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[...]the Checkers, a franchise that ranks as one of the better East Coast Hockey League draws but struggles to break even because of lease restrictions. The Checkers have little control over their home ice because the team plays at Time Warner Cable Arena, a building owned by the city but operated by the anchor tenant, the NBA Charlotte Bobcats.

Kahn says the proximity to the Hurricanes franchise and potential promotional ties should boost attendance and the Checkers’ bottom line.

Asked whether the move presents greater financial demands, Kahn says, “If we sell enough tickets — no.”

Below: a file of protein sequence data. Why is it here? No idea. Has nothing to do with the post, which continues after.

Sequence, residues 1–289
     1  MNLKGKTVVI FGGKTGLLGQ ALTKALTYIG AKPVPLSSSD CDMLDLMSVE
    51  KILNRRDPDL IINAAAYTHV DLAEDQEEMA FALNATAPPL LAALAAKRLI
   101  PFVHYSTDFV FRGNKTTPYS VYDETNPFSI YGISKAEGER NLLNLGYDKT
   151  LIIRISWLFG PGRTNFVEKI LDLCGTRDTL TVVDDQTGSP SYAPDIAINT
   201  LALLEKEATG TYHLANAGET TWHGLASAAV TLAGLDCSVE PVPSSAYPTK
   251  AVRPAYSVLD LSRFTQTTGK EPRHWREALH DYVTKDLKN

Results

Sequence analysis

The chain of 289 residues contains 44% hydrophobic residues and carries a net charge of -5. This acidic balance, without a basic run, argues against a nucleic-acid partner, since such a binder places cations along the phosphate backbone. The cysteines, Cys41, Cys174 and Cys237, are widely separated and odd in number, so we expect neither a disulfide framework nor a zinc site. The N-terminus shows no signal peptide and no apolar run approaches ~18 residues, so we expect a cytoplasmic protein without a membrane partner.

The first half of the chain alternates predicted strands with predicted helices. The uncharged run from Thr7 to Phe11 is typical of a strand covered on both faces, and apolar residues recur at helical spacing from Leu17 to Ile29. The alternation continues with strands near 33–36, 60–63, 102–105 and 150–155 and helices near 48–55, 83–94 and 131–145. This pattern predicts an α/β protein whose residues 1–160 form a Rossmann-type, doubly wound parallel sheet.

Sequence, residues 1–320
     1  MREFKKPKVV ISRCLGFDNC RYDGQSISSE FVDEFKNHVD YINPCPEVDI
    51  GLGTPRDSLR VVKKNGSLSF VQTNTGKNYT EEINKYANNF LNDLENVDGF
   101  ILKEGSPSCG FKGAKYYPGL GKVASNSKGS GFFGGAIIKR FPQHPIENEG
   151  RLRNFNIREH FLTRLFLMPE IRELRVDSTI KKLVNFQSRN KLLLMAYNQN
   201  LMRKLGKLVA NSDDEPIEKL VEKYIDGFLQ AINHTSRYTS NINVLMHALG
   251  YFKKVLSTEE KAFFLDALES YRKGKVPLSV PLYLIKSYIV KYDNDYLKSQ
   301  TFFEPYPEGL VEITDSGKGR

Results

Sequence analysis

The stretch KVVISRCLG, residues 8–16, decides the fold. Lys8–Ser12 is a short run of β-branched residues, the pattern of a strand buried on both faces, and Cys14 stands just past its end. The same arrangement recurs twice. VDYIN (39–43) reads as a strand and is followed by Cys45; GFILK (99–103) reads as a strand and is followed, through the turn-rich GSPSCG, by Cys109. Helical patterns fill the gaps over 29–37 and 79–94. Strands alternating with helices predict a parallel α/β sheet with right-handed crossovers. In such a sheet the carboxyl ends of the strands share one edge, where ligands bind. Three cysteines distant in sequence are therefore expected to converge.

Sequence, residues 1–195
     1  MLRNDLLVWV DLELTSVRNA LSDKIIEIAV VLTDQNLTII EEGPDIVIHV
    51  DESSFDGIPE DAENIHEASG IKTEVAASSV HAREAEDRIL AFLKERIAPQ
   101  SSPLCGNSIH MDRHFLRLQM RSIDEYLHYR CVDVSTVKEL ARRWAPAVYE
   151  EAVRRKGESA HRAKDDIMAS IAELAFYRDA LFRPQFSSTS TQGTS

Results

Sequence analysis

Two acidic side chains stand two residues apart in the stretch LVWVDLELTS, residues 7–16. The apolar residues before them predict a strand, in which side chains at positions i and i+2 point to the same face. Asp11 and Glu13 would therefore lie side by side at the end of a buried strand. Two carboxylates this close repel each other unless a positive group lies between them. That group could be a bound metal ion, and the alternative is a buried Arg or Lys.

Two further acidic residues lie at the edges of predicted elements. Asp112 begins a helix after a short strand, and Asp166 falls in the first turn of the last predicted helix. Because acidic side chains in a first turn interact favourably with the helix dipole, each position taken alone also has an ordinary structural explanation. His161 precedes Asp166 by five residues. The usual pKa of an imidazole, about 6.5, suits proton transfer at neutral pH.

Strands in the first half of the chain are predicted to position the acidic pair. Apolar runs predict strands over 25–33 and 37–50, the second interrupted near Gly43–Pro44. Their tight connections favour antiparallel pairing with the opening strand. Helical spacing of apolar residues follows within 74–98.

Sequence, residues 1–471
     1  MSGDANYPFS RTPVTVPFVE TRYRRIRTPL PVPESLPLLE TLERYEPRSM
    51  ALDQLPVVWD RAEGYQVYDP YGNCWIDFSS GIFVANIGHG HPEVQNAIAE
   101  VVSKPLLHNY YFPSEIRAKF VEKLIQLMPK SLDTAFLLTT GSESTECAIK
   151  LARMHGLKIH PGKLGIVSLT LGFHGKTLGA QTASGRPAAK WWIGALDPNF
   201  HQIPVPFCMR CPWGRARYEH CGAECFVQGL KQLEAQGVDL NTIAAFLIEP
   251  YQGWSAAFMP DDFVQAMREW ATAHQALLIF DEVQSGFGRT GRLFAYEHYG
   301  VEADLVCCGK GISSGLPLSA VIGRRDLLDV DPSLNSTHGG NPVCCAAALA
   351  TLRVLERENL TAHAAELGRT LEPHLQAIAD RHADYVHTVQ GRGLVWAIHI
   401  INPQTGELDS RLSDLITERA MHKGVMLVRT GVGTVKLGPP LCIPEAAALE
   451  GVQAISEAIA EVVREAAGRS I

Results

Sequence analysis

Although when that was written the Checkers were still interested in/trying to sell the ECHL franchise.

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02-18-2010, 03:23 PM
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Quote:
Originally Posted by pelts35.com View Post
With that in mind IMO the ECHL Checkers have a better chance of being a winner than the AHL Checkers who have zero say in player/personnel decisions.
Maybe I'm missing something in your reasoning, but wouldn't their chances of winning generally hover around 50/50? As far as I know, the Checkers won't be at any sort of handicap or advantage compared to the competition, so we wouldn't expect extraordinarily good or bad results on the ice.

The one sticking point, as you mentioned, would be if the Canes do a poor job as a parent club. Hopefully a cozy relationship is currently forming, and the teams are so close geographically that neglect shouldn't be a problem. But that will depend on the professionalism and competence of all involved.